These moral values express themselves in the Chinese negotiating style. Chinese negotiators are more concerned with the means than the end, with the process more than the goal. The best compromises are derived only through the ritual back-and-forth of haggling. This process cannot be cut short. And a compromise allows the two sides to hold equally valid positions. While Americans tend to believe that the truth, as they see it, is worth arguing over and even getting angry about, the Chinese believe that the way is hard to find and so rely on haggling to settle differences.

The third cultural thread is the Chinese pictographic language. Just as Western children learn to read Roman letters and numbers at an early age, Chinese children learn to memorize thousands of pictorial characters. Because, in Chinese, words are pictures rather than sequences of letters, Chinese thinking tends toward a more holistic processing of information. Michael Harris Bond, a psychology professor at the Chinese University of Hong Kong, found that Chinese children are better at seeing the big picture, while American children have an easier time focusing on the details.

The fourth thread is the Chinese people's wariness of foreigners, which has been learned the hard way—from the country's long and violent history of attacks from all points of the compass. So, too, has China fallen victim to internal squabbling, civil wars, and the ebb and flow of empires. The combination yields cynicism about the rule of law and rules in general. It can be said that the Chinese trust in only two things: their families and their bank accounts ...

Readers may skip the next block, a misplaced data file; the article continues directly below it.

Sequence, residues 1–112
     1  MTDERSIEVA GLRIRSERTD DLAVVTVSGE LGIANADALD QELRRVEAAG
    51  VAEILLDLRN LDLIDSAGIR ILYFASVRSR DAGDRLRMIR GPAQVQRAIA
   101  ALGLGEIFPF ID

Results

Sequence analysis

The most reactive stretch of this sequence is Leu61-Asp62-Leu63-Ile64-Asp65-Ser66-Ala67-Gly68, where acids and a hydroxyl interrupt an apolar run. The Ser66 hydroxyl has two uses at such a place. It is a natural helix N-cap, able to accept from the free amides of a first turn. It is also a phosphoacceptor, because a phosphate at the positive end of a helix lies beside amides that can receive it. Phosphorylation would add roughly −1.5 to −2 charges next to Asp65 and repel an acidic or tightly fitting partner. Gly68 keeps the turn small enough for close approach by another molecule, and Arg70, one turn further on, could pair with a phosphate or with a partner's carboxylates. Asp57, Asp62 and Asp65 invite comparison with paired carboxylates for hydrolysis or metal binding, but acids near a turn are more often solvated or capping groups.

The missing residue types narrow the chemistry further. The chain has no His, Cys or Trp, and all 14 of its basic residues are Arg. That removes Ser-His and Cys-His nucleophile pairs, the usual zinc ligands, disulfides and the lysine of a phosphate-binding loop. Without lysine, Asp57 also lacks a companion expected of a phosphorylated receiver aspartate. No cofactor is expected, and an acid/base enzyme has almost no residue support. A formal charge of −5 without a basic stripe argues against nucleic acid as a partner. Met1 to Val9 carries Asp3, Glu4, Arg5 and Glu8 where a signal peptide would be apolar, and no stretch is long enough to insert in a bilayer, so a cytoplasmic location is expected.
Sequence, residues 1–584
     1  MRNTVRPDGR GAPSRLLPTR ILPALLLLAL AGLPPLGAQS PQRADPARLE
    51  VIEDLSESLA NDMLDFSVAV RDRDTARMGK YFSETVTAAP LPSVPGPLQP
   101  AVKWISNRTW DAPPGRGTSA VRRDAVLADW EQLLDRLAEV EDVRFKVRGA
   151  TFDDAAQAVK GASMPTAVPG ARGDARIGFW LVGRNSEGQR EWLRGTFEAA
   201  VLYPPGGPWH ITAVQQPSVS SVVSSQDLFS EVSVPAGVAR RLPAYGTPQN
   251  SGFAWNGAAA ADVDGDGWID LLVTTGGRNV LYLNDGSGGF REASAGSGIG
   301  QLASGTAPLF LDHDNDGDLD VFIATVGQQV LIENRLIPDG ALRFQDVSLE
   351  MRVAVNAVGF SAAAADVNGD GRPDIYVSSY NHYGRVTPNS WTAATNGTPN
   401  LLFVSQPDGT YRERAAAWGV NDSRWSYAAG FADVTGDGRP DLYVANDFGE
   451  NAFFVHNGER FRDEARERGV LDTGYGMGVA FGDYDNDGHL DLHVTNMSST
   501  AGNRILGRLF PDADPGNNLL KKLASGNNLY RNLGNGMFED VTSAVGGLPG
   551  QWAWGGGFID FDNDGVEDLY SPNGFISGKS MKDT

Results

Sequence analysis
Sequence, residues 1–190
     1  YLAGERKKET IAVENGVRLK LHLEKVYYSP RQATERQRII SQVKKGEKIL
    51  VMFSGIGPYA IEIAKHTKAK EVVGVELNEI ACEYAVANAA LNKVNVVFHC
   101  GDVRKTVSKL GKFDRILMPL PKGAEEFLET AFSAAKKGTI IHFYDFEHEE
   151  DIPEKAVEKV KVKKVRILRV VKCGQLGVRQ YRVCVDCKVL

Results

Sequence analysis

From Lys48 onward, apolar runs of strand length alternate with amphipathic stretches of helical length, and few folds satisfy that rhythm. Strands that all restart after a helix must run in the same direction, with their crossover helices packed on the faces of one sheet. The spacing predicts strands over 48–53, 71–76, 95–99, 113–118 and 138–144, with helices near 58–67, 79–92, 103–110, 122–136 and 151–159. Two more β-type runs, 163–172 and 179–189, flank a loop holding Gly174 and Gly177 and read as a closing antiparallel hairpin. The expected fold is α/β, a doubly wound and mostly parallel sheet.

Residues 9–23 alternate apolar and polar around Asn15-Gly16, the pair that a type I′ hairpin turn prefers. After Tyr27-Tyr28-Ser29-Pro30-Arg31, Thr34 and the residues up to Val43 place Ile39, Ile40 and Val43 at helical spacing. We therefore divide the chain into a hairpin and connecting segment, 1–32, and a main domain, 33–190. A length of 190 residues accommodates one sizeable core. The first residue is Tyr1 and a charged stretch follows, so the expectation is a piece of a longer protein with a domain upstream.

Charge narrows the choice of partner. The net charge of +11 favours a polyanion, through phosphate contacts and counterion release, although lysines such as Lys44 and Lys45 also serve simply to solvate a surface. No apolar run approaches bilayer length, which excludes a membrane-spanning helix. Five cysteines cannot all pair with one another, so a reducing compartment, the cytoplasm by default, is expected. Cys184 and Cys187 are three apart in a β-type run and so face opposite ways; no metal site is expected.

The eight elements
The cultural influences outlined above have given rise to a clearly defined set of elements that underpins the Chinese negotiation style. Most American businesspeople we have worked with often find those elements mysterious and confusing. But if Americans ignore them at any time during the negotiation process, the deal can easily fall apart.

Following are the eight important elements of the Chinese negotiation style in the order most Westerners will encounter them:

Guanxi (Personal Connections)
While Americans put a premium on networking, information, and institutions, the Chinese place a premium on individuals' social capital within their group of friends, relatives, and close associates.

Zhongjian Ren (The Intermediary)
Business deals for Americans in China don't have a chance without the zhongjian ren, the intermediary. In the United States, we tend to trust others until or unless we're given reason not to. In China, suspicion and distrust characterize all meetings with strangers.

Shehui Dengji (Social Status)
American-style, "just call me Mary" casualness does not play well in a country where the Confucian values of obedience and deference to one's superiors remain strong. The formality goes much deeper, however—unfathomably so, to many Westerners.